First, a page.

Flying on a Private Jet | Private Air Travel | Camber

Flying Private

Glossary of Terms

Private air travel is one of the best ways to reach your favorite vacation spot, make business trips, or transport the whole team for a game or event. Flying on a private jet is a unique experience and comes with many different terms to know before you take off. Camber offers ease in private jet booking, but our customer support also continues with you from booking to arrival. To speak with a flight advisor, contact us today. View the full glossary of terms for private aviation.

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Aft Cargo Hold

The aft cargo hold is found onboard the aircraft and is located at the back of the aircraft. It is not accessible during flight.

Balanced Field Length

The balanced field length is the distance required for an aircraft to safely take off, or stop, based on the takeoff weight of the aircraft and conditions of the runway.


In aviation, the ceiling refers to the lowest layer of clouds present and the visibility available based on weather conditions, such as having fog present.

FBO/Executive Terminal

An FBO is a fixed-base operator. FBOs are airport service centers that offer several services to fliers and operators including aircraft maintenance, lounge facilities, cabin supplies, and hangars for aircraft before and after flight. FBOs are colloquially known as the Executive Terminal, where customers board their respective aircraft.

Flight Crew

The flight crew is the staff aboard an aircraft which operates the aircraft during flight. Depending on the size of the aircraft, the flight crew will range in size from just a single pilot to two pilots and a cabin crew. 

  • PIC: The PIC is the pilot in command and is the pilot who is responsible for operating the aircraft during flight and maintaining the safety of everyone aboard the aircraft.  
  • SIC: When a flight has a second pilot, that pilot is known as the SIC, or second in command. All SimpleCharters flights are operated by two pilots.
  • Flight Attendant: On larger aircraft, one or more flight attendants make up the cabin crew and work to ensure the safety and comfort of all passengers during flight.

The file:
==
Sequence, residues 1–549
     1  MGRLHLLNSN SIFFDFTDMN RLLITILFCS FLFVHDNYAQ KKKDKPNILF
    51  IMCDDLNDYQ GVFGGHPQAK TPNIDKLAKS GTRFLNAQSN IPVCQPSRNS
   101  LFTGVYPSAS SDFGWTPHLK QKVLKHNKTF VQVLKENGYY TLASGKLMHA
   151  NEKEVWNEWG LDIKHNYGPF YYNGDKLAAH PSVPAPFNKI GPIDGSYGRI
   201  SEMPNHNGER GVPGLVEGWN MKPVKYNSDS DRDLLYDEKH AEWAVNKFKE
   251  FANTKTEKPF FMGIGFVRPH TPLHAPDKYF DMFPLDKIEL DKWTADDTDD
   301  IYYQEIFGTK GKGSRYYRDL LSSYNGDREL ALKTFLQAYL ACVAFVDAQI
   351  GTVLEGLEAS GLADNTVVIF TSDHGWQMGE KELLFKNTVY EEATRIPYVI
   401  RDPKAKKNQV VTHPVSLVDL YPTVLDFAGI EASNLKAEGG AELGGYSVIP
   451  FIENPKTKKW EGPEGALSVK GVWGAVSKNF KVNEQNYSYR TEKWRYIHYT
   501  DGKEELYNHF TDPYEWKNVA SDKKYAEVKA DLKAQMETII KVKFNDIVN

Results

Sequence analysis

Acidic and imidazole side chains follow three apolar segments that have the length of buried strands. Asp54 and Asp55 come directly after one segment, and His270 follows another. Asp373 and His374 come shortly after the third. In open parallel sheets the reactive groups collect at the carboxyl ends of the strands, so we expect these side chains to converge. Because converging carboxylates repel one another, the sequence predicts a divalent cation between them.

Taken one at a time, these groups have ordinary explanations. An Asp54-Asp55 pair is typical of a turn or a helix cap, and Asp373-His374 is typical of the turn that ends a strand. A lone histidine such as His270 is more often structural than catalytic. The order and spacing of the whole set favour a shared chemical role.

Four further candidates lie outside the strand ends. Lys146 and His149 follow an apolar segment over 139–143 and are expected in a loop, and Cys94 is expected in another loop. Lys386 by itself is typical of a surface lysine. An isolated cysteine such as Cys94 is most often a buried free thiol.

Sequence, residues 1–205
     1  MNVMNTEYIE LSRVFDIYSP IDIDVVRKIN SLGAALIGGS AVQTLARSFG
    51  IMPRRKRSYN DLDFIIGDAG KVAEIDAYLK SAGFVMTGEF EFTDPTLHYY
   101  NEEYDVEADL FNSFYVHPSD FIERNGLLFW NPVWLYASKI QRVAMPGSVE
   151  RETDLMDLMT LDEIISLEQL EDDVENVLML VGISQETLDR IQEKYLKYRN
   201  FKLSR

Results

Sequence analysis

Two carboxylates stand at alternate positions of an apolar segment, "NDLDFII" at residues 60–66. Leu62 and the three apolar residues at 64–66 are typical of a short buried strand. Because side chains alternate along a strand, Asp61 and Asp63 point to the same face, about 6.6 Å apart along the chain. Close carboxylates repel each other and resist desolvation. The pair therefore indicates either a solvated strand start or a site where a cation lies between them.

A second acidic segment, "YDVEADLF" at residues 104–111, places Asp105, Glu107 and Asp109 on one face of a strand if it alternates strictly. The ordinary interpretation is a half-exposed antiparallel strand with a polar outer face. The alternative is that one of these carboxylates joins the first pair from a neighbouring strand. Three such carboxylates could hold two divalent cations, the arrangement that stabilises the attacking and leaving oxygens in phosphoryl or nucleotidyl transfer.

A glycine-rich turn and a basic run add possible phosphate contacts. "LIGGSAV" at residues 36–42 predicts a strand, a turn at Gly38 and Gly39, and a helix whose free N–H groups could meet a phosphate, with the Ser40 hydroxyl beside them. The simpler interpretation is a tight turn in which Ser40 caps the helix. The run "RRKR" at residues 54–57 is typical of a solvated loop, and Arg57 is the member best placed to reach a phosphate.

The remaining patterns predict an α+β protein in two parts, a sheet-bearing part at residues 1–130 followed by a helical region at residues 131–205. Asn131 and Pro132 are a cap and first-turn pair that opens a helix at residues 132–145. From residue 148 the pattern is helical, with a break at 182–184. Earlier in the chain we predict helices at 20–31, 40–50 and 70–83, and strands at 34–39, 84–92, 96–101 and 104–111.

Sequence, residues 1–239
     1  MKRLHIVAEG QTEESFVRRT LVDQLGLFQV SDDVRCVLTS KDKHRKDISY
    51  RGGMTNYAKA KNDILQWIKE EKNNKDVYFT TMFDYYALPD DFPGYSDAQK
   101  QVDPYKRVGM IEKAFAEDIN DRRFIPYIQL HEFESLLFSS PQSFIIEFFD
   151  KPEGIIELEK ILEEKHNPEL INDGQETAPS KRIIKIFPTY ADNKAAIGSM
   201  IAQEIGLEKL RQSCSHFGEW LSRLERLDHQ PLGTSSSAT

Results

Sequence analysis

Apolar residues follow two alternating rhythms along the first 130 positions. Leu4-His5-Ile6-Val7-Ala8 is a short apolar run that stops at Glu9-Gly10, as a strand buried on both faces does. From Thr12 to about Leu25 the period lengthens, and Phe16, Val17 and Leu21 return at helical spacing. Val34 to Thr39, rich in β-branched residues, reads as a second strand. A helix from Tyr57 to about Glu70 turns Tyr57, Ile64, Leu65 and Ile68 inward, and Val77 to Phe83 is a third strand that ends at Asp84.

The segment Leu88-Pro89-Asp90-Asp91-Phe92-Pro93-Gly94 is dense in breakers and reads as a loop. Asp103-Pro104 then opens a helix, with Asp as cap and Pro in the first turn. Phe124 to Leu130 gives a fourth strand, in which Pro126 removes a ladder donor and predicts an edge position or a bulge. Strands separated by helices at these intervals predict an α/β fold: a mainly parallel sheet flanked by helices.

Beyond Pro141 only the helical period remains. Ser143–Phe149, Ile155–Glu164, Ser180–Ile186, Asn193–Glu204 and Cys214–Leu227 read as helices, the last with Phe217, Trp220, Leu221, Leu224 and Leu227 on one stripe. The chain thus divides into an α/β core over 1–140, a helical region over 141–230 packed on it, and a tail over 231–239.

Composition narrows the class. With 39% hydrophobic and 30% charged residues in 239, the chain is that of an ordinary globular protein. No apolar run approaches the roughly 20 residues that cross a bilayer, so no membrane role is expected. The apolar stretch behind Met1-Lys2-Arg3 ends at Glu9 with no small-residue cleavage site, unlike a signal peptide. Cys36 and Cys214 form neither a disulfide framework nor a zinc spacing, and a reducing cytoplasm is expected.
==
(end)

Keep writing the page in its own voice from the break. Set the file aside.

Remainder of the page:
Fuel Stops

Many charter flights are nonstop, but when refueling is required to reach the destination, a typical fuel stop will take anywhere from 30-60 minutes depending on the size of the aircraft.


Air that is moving in the opposite direction that the aircraft is traveling is known as a headwind.


The most common unit of measurement for the airspeed of an aircraft is a knot. A knot is equivalent to one nautical mile per hour.


An aircraft lavatory can be defined in one of three ways: a room similar to a bathroom with a washbowl and toilet, an area with just a washbowl, or an area with just a flush toilet. Many private charters include a full lavatory onboard, but depending on the size of the aircraft, this may vary.


If there are ever mechanical or maintenance needs that arise with the aircraft you have chartered for your flight, SimpleCharters will procure a new aircraft for your trip. Our recovery guarantee ensures that your trip continues as scheduled.

Nautical Mile

A nautical mile is the unit of measurement used to calculate distances in air navigation.


Cargo or passengers on a flight are referred to as the payload, or the revenue- generating items aboard the aircraft during operation. The payload is not necessary for the operation of the flight itself.


Precipitation is defined as water, in any form, that is present in the atmosphere. Precipitation comes in several forms ranging from fog to snow.

Ramp Access

Ramp access is offered by many FBOs and allows passengers to drive their car right up to the jet. This dramatically reduces boarding time and alleviates the stress of flying with multiple suitcases, pets, and other cargo.

Statute Mile

A statute mile is a measure of distance which equals 5,280 feet.

Tail Number/Call Sign

A tail number is the registration number assigned to a particular aircraft and is painted on the tail. Similar to a license plate, the tail number is a form of identification. A call sign is a combination of letters and numbers used to identify an operator and sometimes the tail number and call sign for a particular aircraft will be the same.


A tailwind is air that is moving in the direction that an aircraft is flying (blowing from behind). For takeoff and landing, headwinds are more favorable than a tailwind.


When there are sudden changes to the airflow during flight, turbulence occurs. During periods of turbulence, and depending on the severity, a pilot may reduce airspeed to alleviate discomfort and avoid plane damage. Turbulence is completely normal and nothing more than a nuisance. It helps to remember that hitting a patch of turbulence during a flight is similar to hitting a bump in the road while driving in a car.

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